Like most good conferences, the Deutsche Bourse Open Day had sponsors.
These sponsors are generally partners with the exchange however, working with them to deliver technology solutions.
The four highlighted partners were Colt, Corvil, Equinix and Orc.
Each of them had a moment in the spotlight as sponsor, to present their solution and talk about what they were up to, so I sat in that stream through the day to get a feel of the latest and greatest in trading technologies.
And it was interesting.
As mentioned already, the main topic was speed. The speed of connectivity via proximity hosting solutions and co-location. Colt focused upon the former (see blog a couple of days ago for their pitch) and Equinix on the latter, and both were detailing how this improves a broker’s speeds and feeds.
In Colt’s case, we are looking at speeds of sub-400 milliseconds for a round the world trip for a trade instruction. In Equinix’s, the focal point is having everything sitting in one data centre for high speed connectivity.
They enthral the listener with stories of Chicago to Frankfurt communications in 50 milliseconds, or data centres that offer 1.2 million square feet of server capability. The latter came from Equinix who apparently have 43 data centres in 10 countries, with 1.2 million square feet of server capacity in the USA.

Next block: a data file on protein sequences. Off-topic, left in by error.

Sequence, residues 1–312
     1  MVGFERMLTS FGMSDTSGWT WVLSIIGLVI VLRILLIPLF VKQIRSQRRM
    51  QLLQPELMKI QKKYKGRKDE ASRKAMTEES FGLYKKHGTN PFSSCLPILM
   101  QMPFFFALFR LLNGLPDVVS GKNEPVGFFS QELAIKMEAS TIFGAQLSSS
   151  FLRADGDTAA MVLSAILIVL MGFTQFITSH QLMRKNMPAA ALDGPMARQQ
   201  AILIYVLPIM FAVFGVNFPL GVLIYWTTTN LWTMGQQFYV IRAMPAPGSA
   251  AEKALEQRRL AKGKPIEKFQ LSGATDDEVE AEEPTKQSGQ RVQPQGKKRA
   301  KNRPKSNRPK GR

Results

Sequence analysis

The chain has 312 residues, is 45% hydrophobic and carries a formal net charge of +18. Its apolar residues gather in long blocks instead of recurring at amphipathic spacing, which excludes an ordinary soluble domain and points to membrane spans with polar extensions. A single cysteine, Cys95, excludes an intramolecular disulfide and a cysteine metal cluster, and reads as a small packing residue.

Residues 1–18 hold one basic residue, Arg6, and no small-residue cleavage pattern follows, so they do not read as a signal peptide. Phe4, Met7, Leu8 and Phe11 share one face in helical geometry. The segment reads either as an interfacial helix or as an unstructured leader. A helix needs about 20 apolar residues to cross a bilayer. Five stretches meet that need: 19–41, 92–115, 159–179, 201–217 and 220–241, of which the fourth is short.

1.2 million square feet of co-location space.
1.2 million square feet.
That's over 20 football fields worth of compute power.
And that's just in the US of A, as they boast a further 10 football fields worth (600,000 square feet) in Asia and Europe.
That’s racks upon racks upon grids upon grids upon boards upon motherboards of compute capacity.
It’s also where I get this idea of a future being one where all the exchanges, market makers and broker-dealers of the world just co-locate themselves in a few massive data centres around the world connected by low latency dark fibre.
Meanwhile Corvil talked about the idea of low latency being all well and good but, when you have hand-offs between the trader, the exchange and the price feeds, it all falls apart.
Their game is all about managing latency between the links and put up a nice little formula of how to calculate latency:
Latency = PD + SD + QD
- PD being the Propagation Delay of speeds and feeds and distance;
- SD being the Serialisation Delay of message sizes and bandwidth; and
- QD being the Queuing Delay of message arrivals and scheduling
All and each of these factors has an impact, and even with co-location and proximity hosting, you still get delays in the system between each point end-to-end.
I particularly liked this picture of real-life trading environments (double click to enlarge):
which shows how 1 microsecond can make such a difference.
In a microsecond you can make or break a trade execution.
In a microsecond you can win the arbitrage game or lose it.
In a microsecond, you can get the spread, buck the market and secure the deal.
And in the time it’s taken you to read this, about 100 million deals have been secured.
Blink and you’ll miss them.
Oh yes, why write about some of the firms out there supplying the markets?
Because I found it interesting that Deutsche Bourse had selected these firms as partners and sponsors.
I wonder who the other exchanges would put on stage?